UAW installs Bob King as new president

By Jerry White
22 December 2009

The leaders of the United Auto Workers union last week selected UAW Vice President Bob King to replace current president Ron Gettelfinger, who is retiring. The organization’s 13-member executive board as well as the ruling Administrative Caucus unanimously backed King, who is expected to be elected without opposition at the organization’s constitutional convention next June.

Like Gettelfinger, King has a long record of collaborating with the auto bosses and betraying auto workers, while upholding the interests of the UAW apparatus. While the annointment of another company man is hardly surprising, it is nonetheless noteworthy for what is says about the brazen contempt the UAW has for its members.

In November, Ford workers voted down a concessions contract negotiated by King by a margin of 70 percent. It was the first rejection of a national auto contract recommended by the UAW since 1982 and at Ford since 1976. In the days leading up to the vote, King was repeatedly booed and driven off the stage when he sought to sell the deal to workers in Michigan, Missouri and other states.

As head of the negotiations with Ford, King pushed through the “transformational” contract in 2007, which, among other things, reduced the wages of new hires from $28 to $14 an hour. In the first wave of 2009 contract “modifications,” he once again pushed through concessions, including stripping hundreds of thousands of Ford retirees and their dependents of optical and dental care.

However, the attempt to push through concessions that had been imposed on GM and Chrysler workers as part of Obama’s forced restructuring of the two companies met with defeat. Within days, Ford announced it had made $1 billion for the third quarter, chiefly through downsizing and other cost-cutting measures carried out in conjunction with the UAW.

Despite his treacherous role—or more precisely, because of it—UAW executives handpicked King to replace the outgoing president. The fact that he had been repudiated by the membership did not have the slightest effect on his selection, Gettelfinger told reporters, saying it had no bearing on King’s ability to run the union. “There is no question in my mind Bob King will be the right person to lead the union forward. He is relentless and tenacious.”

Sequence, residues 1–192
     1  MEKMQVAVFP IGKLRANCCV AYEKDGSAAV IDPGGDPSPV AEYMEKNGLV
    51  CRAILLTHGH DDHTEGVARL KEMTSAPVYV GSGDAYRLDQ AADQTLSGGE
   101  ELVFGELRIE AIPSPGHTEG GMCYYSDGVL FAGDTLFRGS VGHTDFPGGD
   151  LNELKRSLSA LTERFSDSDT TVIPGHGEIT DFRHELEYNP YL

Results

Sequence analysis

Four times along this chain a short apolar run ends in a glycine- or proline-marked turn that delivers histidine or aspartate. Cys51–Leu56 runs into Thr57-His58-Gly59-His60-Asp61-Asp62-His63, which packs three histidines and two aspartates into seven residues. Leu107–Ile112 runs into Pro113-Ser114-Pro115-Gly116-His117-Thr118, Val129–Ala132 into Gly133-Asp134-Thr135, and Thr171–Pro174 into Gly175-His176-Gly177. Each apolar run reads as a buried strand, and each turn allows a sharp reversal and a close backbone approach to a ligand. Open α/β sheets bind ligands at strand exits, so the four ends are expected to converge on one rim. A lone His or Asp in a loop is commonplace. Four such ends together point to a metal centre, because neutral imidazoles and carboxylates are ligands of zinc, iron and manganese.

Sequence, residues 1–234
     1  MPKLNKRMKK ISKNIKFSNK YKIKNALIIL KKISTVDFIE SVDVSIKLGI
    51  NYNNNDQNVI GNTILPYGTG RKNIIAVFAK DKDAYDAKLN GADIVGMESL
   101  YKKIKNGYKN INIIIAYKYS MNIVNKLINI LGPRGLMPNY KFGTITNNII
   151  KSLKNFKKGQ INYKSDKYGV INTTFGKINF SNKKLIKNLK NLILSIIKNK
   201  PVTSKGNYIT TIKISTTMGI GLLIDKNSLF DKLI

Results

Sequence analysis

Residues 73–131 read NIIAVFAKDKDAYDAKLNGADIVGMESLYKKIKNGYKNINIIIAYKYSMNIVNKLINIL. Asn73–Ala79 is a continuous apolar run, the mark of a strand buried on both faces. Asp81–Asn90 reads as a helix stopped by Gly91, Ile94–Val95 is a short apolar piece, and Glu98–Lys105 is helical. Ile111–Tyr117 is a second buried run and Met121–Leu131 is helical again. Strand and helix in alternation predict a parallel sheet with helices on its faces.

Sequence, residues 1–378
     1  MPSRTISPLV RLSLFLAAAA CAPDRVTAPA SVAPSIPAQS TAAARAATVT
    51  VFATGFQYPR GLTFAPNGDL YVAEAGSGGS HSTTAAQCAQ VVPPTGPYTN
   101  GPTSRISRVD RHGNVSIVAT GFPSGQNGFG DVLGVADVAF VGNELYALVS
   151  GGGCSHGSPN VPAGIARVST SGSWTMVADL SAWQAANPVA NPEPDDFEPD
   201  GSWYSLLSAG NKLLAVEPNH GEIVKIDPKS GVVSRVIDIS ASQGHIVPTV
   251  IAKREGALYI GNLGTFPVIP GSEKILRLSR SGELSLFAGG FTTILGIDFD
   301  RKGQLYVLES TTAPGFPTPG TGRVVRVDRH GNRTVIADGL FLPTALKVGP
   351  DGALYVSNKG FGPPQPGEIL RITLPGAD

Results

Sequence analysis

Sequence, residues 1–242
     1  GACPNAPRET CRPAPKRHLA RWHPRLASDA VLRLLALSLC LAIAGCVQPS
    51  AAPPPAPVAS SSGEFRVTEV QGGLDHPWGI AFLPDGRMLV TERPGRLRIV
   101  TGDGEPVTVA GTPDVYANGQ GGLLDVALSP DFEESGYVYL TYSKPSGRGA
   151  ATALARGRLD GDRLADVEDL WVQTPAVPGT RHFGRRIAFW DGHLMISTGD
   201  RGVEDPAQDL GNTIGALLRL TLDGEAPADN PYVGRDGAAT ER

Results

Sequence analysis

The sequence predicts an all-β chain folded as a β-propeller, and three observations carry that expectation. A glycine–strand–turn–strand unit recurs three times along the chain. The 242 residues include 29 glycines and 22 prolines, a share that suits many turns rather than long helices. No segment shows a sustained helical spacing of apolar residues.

Indeed, throughout his career, King has been relentless … in his defense of the auto corporations and Ford in particular. Responding to the nomination, Ford’s executive chairman, Bill Ford Jr., said, “I’ve known Bob for a long time. He cares very deeply for the industry and for Ford.”

Ford America’s President Mark Fields added, “We respect Bob a lot. We’re going to continue to work with Bob and the rest of the UAW team to make sure Ford remains competitive. We don’t just talk to the UAW when we have an issue. We talk to the UAW every day, every week, about the challenges we face as a business and our strategy for overcoming those challenges.”

For his part, King pledged to “collectively” outline a plan for the union “based on the great work that Ron [Gettelfinger] has done.”

The eight years Gettelfinger ran the UAW were an unmitigated disaster for auto workers. Under his tenure, the UAW collaborated in the shutdown of dozens of GM, Ford and Chrysler factories and pressured tens of thousands of workers to take buyouts.

According to its annual financial report filed with federal regulators on Monday, the UAW lost 33,873 members in the past year alone, ending with 430,000 members. At its peak in the early 1970s there were 1.5 million UAW members. The UAW workforce at Ford has fallen from 174,000 in 1978 to 41,000 today.